I drive up the avenue and the trees dip low over the car, conjuring my childhood; I’m glad to see them so full and free. I glimpse the serried clutter of black crosses in the field beyond the hedge – the simple graves belonging to the convent next door. The nuns’ plot was my playground as a girl but I would dash, wary, back to our orchard if I glimpsed a grey habit. Young Sister Consolata, though, often managed to waylay me; she was tiny and fresh, not at all like the other nuns. She liked to plait my hair and tell me things and, sometimes, I let her.

Daddy always said our apples were blessed because the order lived beside us. He liked to gift crates of Egremont Russets, the sweetest of all his fruit, to the sisters; we always called Egremonts ‘nun apples’ at home. The orchard shut down after he died and, though my mother can’t quite believe she has no money anymore, she doesn’t care much either. Her family set up my parents with the house and its land before they married and Daddy made a good go of the business. But, when he was gone, it was all too much for Mam and the place deteriorated until she was forced to close.

I park the car by the front of the house and turn to Matthew. ‘This is it,’ I say.

He leans across me to look through the windscreen. ‘It’s fucking huge.’

I look at the lofty Queen Anne-ish facade rising up over three floors. ‘It is, I suppose.’

We go around the back, the front door being for high days only, which Good Friday, in our family, is not. Mam is slumped in an ancient deck chair in the yard and she looks undone. She sits, hand adangle above a mug of homemade cider, as if some mighty bird is about to swoop down and whisk it up into the clouds. She has probably sat here all day.

Squinting up at me with one languid eye, the other closed, she says, ‘I hope, Helen, you’re not expecting tea. There’s nothing reasonable to eat in the house.’

‘Did Patsy not get your messages?’ I ask.

She flaps her hand. ‘Sure, she’s useless.’

‘Mam,’ I say, ‘this is Matthew.’ He steps forward to be inspected, and my mother offers only a salute; the uncharacteristic spring heat seems to do away with her need for words. ‘And this is Verona, my mother.’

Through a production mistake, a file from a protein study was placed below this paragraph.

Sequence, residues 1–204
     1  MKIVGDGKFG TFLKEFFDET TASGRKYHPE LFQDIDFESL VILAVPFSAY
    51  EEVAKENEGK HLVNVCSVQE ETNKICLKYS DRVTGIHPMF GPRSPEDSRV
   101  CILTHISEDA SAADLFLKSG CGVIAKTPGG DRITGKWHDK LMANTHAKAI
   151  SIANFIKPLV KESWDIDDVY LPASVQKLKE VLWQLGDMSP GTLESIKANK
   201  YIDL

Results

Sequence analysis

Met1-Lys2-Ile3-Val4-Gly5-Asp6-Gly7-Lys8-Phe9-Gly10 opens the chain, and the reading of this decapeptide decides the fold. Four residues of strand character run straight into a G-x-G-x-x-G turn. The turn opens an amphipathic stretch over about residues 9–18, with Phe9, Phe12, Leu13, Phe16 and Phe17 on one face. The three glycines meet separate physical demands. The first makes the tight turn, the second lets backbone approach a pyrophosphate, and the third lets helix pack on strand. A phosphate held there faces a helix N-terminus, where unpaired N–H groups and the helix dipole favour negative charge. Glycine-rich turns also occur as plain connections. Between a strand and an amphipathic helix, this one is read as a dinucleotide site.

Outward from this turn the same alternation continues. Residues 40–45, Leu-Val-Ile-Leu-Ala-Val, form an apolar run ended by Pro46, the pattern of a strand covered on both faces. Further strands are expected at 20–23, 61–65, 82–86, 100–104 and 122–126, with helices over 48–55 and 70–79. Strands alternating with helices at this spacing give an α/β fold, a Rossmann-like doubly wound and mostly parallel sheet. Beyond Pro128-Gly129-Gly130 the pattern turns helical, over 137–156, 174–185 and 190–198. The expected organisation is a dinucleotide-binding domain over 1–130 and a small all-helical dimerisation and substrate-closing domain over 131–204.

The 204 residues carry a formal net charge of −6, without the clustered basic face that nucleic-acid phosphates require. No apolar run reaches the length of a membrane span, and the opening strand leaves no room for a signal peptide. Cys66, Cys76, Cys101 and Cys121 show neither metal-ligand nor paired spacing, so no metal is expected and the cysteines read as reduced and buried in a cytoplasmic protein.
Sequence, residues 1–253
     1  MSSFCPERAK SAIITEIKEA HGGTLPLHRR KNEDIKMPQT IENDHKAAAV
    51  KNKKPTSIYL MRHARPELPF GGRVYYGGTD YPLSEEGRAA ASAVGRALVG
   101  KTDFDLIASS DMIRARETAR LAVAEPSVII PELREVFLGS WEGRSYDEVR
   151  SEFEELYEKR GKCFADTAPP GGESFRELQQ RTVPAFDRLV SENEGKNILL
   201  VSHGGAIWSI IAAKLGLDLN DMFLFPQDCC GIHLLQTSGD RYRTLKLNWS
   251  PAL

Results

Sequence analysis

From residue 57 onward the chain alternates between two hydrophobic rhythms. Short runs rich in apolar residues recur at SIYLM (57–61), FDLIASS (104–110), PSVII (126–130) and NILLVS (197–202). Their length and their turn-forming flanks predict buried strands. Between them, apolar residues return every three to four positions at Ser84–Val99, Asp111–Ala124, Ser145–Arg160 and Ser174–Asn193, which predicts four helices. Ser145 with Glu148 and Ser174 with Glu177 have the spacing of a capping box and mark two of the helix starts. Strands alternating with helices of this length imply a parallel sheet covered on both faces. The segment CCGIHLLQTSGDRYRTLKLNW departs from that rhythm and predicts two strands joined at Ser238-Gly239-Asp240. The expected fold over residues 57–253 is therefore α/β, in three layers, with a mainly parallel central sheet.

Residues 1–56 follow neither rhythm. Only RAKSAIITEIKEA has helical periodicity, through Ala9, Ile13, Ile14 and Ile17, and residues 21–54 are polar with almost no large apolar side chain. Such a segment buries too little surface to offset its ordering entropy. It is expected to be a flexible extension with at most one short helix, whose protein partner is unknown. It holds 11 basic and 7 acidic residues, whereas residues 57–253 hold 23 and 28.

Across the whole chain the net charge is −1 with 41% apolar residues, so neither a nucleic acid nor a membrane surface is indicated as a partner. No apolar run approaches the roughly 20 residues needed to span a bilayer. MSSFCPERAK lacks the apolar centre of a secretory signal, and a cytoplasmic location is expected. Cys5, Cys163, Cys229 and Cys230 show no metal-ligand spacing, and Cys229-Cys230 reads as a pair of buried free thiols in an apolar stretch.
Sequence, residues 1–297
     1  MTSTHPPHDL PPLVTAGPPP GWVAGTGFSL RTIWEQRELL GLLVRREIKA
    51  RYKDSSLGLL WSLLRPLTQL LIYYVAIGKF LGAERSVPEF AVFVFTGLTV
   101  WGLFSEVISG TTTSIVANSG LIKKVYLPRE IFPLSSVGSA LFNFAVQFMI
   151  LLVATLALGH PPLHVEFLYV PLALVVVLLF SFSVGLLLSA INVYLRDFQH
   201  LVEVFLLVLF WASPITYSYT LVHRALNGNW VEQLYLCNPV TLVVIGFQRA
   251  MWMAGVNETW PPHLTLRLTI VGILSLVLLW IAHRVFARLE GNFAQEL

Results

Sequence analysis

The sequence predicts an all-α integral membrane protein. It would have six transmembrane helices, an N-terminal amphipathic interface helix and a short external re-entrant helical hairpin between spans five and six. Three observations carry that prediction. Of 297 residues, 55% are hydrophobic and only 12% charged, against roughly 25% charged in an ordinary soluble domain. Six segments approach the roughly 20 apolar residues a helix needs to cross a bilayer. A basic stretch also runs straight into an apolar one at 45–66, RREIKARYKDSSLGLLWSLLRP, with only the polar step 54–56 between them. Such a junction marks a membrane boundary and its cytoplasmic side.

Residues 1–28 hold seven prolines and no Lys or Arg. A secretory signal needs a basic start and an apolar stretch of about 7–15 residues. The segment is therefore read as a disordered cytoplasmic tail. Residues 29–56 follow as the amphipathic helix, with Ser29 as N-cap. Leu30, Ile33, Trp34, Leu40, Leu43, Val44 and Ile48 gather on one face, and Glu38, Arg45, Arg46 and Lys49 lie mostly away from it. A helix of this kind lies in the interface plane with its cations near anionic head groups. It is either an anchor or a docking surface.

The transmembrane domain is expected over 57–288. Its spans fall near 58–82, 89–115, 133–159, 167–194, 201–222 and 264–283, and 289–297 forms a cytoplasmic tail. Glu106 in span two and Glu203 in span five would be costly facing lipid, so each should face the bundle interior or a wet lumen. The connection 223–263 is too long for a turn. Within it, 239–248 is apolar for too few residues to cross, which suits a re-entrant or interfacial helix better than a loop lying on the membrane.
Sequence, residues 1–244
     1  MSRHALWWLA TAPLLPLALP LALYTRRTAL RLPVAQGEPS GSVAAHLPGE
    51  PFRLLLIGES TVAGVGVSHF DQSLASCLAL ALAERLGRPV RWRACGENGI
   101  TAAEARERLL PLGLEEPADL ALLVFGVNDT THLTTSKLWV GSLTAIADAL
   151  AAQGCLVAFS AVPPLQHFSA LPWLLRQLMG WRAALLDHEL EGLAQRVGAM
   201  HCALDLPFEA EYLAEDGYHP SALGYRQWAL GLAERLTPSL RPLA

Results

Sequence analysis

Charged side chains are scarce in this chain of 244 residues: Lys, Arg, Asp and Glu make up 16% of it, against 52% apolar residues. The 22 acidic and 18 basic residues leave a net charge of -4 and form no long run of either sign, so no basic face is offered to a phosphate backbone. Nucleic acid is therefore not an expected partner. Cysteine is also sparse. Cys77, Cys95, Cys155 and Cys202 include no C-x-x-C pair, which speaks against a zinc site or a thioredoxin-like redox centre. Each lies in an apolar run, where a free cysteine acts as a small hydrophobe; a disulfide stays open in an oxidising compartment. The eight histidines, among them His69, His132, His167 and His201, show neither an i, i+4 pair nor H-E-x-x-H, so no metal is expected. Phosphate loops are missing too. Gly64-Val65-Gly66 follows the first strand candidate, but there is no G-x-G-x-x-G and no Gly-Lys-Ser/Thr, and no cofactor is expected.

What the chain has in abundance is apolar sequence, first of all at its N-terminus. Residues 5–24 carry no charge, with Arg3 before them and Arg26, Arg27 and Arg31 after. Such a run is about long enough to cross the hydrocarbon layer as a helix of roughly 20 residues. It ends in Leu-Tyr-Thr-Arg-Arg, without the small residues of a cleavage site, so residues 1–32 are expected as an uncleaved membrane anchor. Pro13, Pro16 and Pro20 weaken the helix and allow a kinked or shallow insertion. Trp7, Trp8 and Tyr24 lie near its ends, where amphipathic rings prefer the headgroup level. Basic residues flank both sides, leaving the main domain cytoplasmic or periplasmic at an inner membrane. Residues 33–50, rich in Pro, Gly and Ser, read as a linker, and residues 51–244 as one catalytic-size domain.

‘It’s lovely to meet you, Verona.’ Mam sips her cider and nods, her disinterest interesting to me because I’ve been harassed in the past about boyfriends, my mother snuffling after me like a resolute badger, wanting to meet them. ‘We brought oysters,’ Matthew says, after a silence that we all feel.

‘Of course you did,’ Mam says. ‘Have a sup of cider, Matthew, I made it myself. Helen, get glasses.’

I go through the boot room to the kitchen and, not finding any glassware in the press, I pluck two cups from the draining board; they are, of course, hennaed with tannin but I hope Matthew won’t mind. The kitchen has its familiar rotten-onion, stale-biscuit smell and I wonder about bringing Matthew into the house, about what he’ll make of its chaos of bric-a-brac and sail-like cobwebs, its peculiar air. I come out the back door to the yard and stand to watch the sun drift west. I go to the old sink, heave my mother’s demijohn of cider out of its water bath, and pour.

‘I made a simnel cake,’ my mother says.

‘Did you?’ I say, surprised by this unusual marking of the occasion.

‘And I fired Patsy.’

‘Ah, Mam, not again. How will you manage?’

‘I’m alive, amn’t I?’ She leans over and knocks her mug against Matthew’s. ‘Sláinte agus táinte, young Matthew. I hope you’re ready for this one.’ She nods at me.

‘I am,’ Matthew says. ‘Ready etcetera.’

He grins and I’m grateful for his contained ease. I’ve been uptight about this visit, worried that by meeting Mam, and being in the house, he’ll see into me in a way I won’t welcome. Matthew is perched on the back step and I sit beside him. My mother whistles a line of ‘Eleanor Rigby’ and looks off into the sunset like a pilgrim contemplating a promised land. She’s a dyed-in-the-wool loner and I know me and Matthew being here may be hard on her – the having to converse, the need for civility. My mother is unused to the company of outsiders and doesn’t welcome it.

‘Yep, just me and the house now,’ she says, as if catching my thoughts.

‘So, Patsy’s gone again. What did she try to appropriate this time?’ I ask.

‘The portrait of your father. Not the ugly one.’

I tut. ‘You should’ve let her have it.’

‘I did. But I got rid of her, too.’

‘She’ll be back, I suppose.’